window.external.msSiteModeAddThumbBarButton("grape.ico", "Grape!");
                    window.external.msSiteModeAddThumbBarButton("orange.ico", "Oranges!");
                    window.external.msSiteModeShowThumbBar();

                    $(document).bind("msthumbnailclick", function (button) {
                        pin.disableButton(button);
                    });
        },               
        disableButton: function (button) {
                   window.external.msSiteModeUpdateThumbBarButton(button.originalEvent.buttonID, false, true);
        }
    }
} ();

Here’s the end result.

Disabling Toolbar Buttons

Figure 6.  Disabling Toolbar Buttons

If you want to do more than disable the button, you can also update the icon on the button by calling msSiteModeAddButtonStyle.  This defines an alternative icon image and tooltip for the specified button.  There are three parameters for msSiteModeAddButtonStyle and they are:

  • uiButtonID – a required integer value that specifies the ID of the button that was clicked.
  • bstrIconUrl – a required string value of the absolute URL of an icon.
  • pvarTooltip – a required string value for the tooltip.

The pvarTooltip parameter  on MSDN says this is optional, but my experience is that it  is required.  msSiteModeAddButtonStyle returns an ID of the new button style.  This ID must be passed to msSiteModeShowButtonStyle for the style to be applied.  There are two parameters for msSiteModeShowButtonStyle and they are:

  • uiButtonID – a required integer value that specifies the ID of the button that was clicked.
  • uiStyleID – a required integer value returned from of msSiteModeAddButtonStyle.

The following examples demonstrates how to use this functionality.  In this example, when the button is pushed five time, the icon changes from a fruit to a car.

$(function () {
            if (window.external.msIsSiteMode()) {
                pin.addThumbBar();
            }
        });

        pin = function () {
            var style = 0;
            var fruitClicked;
            var fruitConst = ["Apple", "Grape", "Orange"]

            var fruit = {
                "Apple": { TimesClicked: 0 },
                "Grape": { TimesClicked: 0 },
                "Orange": { TimesClicked: 0 }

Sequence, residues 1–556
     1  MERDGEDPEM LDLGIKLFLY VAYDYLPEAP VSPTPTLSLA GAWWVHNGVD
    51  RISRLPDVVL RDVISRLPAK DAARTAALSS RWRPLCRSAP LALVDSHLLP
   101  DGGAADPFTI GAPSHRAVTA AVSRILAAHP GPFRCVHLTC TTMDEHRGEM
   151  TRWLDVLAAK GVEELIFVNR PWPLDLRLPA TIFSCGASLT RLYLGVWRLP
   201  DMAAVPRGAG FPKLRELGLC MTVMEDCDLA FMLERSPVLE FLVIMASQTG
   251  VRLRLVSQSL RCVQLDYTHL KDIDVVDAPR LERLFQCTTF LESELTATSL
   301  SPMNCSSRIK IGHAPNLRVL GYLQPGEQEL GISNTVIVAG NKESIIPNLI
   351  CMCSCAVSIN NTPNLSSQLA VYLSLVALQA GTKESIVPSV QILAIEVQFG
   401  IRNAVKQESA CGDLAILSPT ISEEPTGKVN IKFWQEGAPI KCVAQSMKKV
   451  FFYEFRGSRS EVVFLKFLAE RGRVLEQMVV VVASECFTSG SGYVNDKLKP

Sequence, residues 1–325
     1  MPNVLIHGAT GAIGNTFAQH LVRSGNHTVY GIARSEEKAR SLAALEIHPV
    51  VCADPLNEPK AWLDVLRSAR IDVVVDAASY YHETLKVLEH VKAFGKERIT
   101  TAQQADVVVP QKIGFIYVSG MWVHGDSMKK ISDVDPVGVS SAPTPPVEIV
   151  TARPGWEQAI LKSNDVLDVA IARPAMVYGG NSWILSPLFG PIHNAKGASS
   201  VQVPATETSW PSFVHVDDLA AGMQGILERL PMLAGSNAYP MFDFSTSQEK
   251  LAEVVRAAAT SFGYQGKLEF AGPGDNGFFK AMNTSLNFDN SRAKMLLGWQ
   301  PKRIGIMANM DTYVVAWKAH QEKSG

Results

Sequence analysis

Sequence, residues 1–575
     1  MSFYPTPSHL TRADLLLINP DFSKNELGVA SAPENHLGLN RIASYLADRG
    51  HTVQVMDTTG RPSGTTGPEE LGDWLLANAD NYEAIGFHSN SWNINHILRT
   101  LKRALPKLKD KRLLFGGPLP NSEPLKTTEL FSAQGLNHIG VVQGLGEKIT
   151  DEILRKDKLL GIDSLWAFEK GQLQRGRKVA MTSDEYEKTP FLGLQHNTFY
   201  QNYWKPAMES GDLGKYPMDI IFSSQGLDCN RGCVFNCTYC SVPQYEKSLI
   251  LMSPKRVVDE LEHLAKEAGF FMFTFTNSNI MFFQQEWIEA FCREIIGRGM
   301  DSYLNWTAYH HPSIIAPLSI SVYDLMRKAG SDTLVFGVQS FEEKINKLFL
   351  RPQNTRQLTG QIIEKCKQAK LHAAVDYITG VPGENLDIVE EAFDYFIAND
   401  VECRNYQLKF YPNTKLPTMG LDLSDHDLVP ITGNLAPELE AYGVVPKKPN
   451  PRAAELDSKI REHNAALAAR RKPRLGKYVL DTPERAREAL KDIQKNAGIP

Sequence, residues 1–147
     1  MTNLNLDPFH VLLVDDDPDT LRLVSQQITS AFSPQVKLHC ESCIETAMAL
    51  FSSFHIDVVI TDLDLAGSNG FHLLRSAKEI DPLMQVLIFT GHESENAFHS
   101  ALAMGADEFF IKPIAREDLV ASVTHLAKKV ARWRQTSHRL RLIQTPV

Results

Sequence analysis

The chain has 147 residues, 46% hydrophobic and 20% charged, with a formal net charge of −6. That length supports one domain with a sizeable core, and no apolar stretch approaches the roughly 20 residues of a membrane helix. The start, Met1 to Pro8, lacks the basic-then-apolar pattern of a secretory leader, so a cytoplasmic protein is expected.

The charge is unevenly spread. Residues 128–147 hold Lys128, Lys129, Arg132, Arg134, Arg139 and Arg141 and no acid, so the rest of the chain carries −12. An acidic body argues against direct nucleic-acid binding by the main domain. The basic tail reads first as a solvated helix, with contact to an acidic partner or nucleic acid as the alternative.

}

            function clickedFruit(button) {
                return fruit[fruitConst[button.originalEvent.buttonID - 1]];
            }

            function howManyTimes(button) {
                fruitClicked = clickedFruit(button);
                return fruitClicked.TimesClicked;
            }

            function addToClickCount(button) {
                fruitClicked = clickedFruit(button);
                fruitClicked.TimesClicked = fruitClicked.TimesClicked + 1;
            }

            return {
                addThumbBar: function () {
                    window.external.msSiteModeAddThumbBarButton("apple.ico", "Apples!");
                    window.external.msSiteModeAddThumbBarButton("grape.ico", "Grape!");
                    window.external.msSiteModeAddThumbBarButton("orange.ico", "Oranges!");
                    window.external.msSiteModeShowThumbBar();

                    $(document).bind("msthumbnailclick", function (button) {
                        pin.addToClick(button);
                    });
                },
                addToClick: function (button) {
                    if (howManyTimes(button) < 4) {
                        addToClickCount(button);
                    } else {
                        pin.updateButtonStyle(button);
                    }
                },
                updateButtonStyle: function (button) {
                    style = window.external.msSiteModeAddButtonStyle(button.originalEvent.buttonID, "warning.ico", "desc");
                    window.external.msSiteModeShowButtonStyle(button.originalEvent.buttonID, style);
                }
            }
        } ();

The image below shows the end result after five clicks.

Updating Button Styles

Figure 7.  Updating Button Styles

Where Will It All End?

Even this article has really only scratched the surface of what you can do with pinned sites, but I hope it’s given you some perspective on how to set up the extended functionality that Internet Explorer 9 offers, and see why website owners might want their developers to implement that functionality.

And I haven’t even taken apart what you can do with Jump Lists – that’s a whole new article in itself.

I don’t think there’s much doubt that not only IE9 but other browsers will take pinned sites further in the near future. Getting the browser out of the way is going to be a key part of building the relationships between website owners and website users.

The best place to go from here is to check out the official documentation on MSDN or BuildMyPinnedSite.

What do you think? Can you see the potential for pinned sites? Can you afford to ignore that kind of functionality? Or do you think there are better ways to build those relationships?

SitePoint Content Partner

This tutorial has been made possible by the support of Microsoft. In cooperation with Microsoft and independently written by SitePoint, we strive to work together to develop the content that’s most useful and relevant to you.

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  • http://twitter.com/helloodo Odo

    Very informative. Thank you !

  • Anonymous

    I agree man, this is going to be fun to play with. Good place to start. Huffington Post sucks, however.

  • Magno Machado

    I would realy like this to be implemented in other browsers, but even being exclusive to IE it’s still usefull.

    The developer could very easily use it to improve the user experience if the user is using IE9 on Win7 and simply disable such features when other OS or browsers